This August when Russia enters the World Trade Organization (WTO), all of Russia's trading partners will be able to immediately benefit except the United States, unless Congress immediately acts.
Members at the Senate Finance Committee hearing unanimously voted to pass a bill to repeal the Jackson-Vanik amendment and grant Permanent Normal Trade Relations (PNTR) with Russia. This legislation will now move to the Senate floor for full consideration.
This August when Russia enters the World Trade Organization (WTO), all of Russia’s trading partners will be able to immediately benefit except the United States, unless Congress immediately acts.
"We are pleased to see the Senate Finance Committee Members recognize the urgency of the situation and act swiftly to remove this barrier between the United States and Russia," Association of Equipment Manufacturers (AEM) President Dennis Slater said.
"Russia is currently the world’s 9th largest economy, and U.S. equipment manufacturers largely depend on the ability to have the same opportunities to benefit from normal trade relations as other countries," Slater continued.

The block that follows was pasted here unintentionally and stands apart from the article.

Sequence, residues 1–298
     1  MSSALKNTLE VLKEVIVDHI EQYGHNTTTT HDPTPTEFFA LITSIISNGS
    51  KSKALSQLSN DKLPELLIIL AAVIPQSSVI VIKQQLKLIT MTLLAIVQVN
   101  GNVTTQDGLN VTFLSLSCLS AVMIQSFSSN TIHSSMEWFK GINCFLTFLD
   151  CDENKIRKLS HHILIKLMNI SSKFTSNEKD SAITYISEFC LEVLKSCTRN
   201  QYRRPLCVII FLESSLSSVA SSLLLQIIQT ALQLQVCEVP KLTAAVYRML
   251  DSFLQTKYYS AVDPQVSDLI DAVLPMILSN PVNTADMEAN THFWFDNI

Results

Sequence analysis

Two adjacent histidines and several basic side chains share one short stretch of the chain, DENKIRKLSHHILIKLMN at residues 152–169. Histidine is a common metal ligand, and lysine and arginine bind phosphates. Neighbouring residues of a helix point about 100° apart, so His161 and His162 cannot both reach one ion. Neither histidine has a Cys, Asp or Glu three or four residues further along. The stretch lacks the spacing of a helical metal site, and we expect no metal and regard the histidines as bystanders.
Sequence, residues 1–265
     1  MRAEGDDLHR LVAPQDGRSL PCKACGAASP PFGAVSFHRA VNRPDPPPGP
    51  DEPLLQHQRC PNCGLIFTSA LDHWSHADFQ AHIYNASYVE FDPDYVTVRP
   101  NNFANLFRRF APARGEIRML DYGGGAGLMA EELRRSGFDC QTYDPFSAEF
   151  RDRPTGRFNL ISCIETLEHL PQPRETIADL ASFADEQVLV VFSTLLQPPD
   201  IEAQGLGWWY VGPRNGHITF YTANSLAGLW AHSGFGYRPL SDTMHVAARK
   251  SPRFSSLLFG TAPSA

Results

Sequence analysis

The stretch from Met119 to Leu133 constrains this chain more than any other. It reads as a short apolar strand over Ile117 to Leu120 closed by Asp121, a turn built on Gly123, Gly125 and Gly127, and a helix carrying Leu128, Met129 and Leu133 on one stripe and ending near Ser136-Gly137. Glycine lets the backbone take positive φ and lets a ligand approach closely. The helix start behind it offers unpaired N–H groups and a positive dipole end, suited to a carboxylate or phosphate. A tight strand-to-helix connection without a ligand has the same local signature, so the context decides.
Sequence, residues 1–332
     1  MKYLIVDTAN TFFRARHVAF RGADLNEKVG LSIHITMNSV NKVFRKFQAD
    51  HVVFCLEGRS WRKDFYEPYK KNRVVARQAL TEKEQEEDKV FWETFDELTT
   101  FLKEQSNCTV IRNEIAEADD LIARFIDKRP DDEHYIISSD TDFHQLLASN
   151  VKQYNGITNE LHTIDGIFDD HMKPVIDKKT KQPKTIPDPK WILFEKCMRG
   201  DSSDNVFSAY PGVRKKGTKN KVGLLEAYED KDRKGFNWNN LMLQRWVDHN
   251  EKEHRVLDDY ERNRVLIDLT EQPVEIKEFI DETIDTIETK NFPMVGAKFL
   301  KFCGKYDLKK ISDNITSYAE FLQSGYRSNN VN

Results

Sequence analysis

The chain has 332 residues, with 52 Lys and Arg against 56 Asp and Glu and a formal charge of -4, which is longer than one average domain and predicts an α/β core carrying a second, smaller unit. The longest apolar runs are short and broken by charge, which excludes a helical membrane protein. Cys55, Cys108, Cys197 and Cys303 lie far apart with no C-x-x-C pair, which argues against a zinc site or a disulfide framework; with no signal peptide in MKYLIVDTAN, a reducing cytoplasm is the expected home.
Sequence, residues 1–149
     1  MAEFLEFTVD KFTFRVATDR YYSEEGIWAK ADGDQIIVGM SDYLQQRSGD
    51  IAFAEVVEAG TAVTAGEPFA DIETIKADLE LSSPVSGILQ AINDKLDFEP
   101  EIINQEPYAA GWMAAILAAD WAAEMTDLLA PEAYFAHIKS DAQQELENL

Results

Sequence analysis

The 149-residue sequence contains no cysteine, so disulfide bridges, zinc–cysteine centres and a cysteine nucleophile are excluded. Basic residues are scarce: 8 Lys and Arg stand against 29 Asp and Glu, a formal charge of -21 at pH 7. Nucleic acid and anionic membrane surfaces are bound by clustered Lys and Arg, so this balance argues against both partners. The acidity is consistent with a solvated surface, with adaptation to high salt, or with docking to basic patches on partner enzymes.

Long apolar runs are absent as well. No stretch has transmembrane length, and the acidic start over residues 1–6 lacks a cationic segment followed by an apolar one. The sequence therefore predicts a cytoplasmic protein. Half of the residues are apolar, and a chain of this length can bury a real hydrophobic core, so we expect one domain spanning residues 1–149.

Currently, the U.S. agriculture and infrastructure sectors represent hundreds of millions of dollars in exports to Russia, but U.S. exporters pay tariffs applied at rates up to 25 percent.
"Leveling the playing field for U.S. businesses and workers will propel our economy and create more jobs at home. AEM will continue to work with Congress to see that this legislation is sent to the President’s desk for signature without further delay," Slater concluded.
Congress must first repeal the Jackson-Vanik amendment and grant Russia PNTR in order for United States exporters to enjoy the same trade relations as other WTO countries. All other member states in the WTO will economically benefit by most-favored-nation status immediately upon Russia’s entry this August. The 1974 Jackson-Vanik amendment was created in response to the Soviet Union preventing certain citizens from emigrating. Since 1994 and following the collapse of the Soviet Union, Russia has been found to be in full compliance with the Jackson-Vanik freedom-of-emigration criteria.
Russia is considered one of the world’s fastest growing economies - expected to see annual average real growth of four percent from 2011 to 2015. U.S. machinery exports to Russia averaged $1.3 billion and accounted for 11 percent of total U.S. industrial goods exports from 2008 to 2010.